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Author Notes:

Corresponding author: Katherine Reding, Division of Developmental & Cognitive Neuroscience, Yerkes National Primate Research Center, Emory University, 954 Gatewood Rd., Atlanta, GA 30329. Telephone: 404-772-9420 Fax: 404-727-8088 kreding@emory.edu

Subjects:

Keywords:

  • estradiol
  • sexual behavior
  • affiliation
  • social subordination
  • rhesus monkeys

Social status modifies estradiol activation of sociosexual behavior in female rhesus monkeys

Tools:

Journal Title:

Hormones and Behavior

Volume:

Volume 62, Number 5

Publisher:

, Pages 612-620

Type of Work:

Article | Post-print: After Peer Review

Abstract:

Estrogen (E2) has activational effects on sexual motivation and mitigating effects on anxiety-like behaviors that can be attenuated with chronic exposure to psychosocial stress. Some studies suggest that this attenuation can be overcome by higher doses of E2, while others show that chronic psychosocial stress may alter the mechanisms of E2 function, thus reducing any positive benefit from higher doses of E2. To determine the interaction between psychosocial stress and E2 dose on behavior, we examined the scope of attenuation across a suite of socioemotional behaviors, including reproduction, affiliation, aggression, submission, and anxiety-like behaviors on 36 ovariectomized female rhesus monkeys. Females were exposed to graded psychosocial stress, established by an intrinsic female dominance hierarchy, where subordinate animals receive high amounts of harassment. Our data show that E2 dose-dependently increased sexual motivation and male-affiliation in dominant (e.g. low-stress) females, while subordinate females showed no positive effects of E2, even at higher doses. In addition, contact aggression was attenuated in dominant females, while non-contact aggression was attenuated in both dominant and middle-ranking females. These results suggest that the stress-induced attenuation of E2's activational effects on sexual behavior and affiliation with males may not be overcome with higher doses of E2. Furthermore, the observed behavioral consequences of psychosocial stress and E2 dose may be dependent on the behaviors of all the females in the social-group, and better resolution on these effects depends on isolating treatment to individuals within the group to minimize alterations in social-group interactions.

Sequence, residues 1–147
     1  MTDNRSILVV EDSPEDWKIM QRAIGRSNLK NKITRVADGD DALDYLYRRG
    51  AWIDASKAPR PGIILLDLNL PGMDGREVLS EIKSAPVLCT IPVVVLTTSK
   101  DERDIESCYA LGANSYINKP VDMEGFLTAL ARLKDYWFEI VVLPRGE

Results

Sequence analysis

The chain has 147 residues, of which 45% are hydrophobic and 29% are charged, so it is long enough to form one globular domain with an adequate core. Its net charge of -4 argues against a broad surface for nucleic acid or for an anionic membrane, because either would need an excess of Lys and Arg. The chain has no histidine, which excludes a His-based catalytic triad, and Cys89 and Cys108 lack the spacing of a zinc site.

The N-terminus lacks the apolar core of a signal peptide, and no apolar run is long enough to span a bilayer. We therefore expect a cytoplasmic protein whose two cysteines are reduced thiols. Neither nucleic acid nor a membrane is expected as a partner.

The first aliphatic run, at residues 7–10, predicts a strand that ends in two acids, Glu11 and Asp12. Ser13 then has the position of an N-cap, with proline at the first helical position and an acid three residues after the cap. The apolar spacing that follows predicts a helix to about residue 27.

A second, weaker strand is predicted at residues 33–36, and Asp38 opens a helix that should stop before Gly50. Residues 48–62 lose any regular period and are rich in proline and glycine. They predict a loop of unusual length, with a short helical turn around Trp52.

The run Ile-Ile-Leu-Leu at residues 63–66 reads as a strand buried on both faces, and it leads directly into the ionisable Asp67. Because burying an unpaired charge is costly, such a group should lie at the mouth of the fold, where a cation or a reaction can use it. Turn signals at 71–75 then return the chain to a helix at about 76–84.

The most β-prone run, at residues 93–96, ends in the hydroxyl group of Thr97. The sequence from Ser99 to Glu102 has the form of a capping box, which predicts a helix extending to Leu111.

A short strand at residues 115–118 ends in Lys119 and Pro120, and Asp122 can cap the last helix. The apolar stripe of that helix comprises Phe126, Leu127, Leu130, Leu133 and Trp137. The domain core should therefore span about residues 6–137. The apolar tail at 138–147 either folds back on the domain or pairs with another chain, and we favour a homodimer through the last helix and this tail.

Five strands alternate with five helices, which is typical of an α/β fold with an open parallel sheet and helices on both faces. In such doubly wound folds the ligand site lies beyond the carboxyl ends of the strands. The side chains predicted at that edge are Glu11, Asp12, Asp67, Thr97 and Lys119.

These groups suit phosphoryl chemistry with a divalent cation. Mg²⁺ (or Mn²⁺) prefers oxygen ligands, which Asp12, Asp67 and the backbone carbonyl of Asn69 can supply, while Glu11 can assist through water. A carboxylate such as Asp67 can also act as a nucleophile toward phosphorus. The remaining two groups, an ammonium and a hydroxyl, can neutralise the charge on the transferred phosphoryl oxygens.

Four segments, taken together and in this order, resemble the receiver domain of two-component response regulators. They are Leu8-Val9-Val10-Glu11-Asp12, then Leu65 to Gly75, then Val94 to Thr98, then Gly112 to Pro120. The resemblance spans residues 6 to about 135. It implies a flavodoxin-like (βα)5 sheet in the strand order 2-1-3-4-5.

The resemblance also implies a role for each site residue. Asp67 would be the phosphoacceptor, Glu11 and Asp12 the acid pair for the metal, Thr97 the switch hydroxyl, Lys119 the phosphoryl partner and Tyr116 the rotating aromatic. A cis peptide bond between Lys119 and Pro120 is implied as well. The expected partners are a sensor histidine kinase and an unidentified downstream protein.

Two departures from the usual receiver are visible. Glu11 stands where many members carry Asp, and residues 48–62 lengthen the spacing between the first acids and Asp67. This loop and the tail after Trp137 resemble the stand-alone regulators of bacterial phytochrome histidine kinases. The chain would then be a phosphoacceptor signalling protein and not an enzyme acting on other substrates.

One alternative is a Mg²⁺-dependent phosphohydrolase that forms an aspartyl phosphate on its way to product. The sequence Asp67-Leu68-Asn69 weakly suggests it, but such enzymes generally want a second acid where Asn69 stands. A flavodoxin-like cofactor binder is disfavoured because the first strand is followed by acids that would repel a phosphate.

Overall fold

Copyright information:

© 2012 Elsevier Inc. All rights reserved.

This is an Open Access work distributed under the terms of the Creative Commons Attribution-NonCommerical-NoDerivs 3.0 Unported License (http://creativecommons.org/licenses/by-nc-nd/3.0/).

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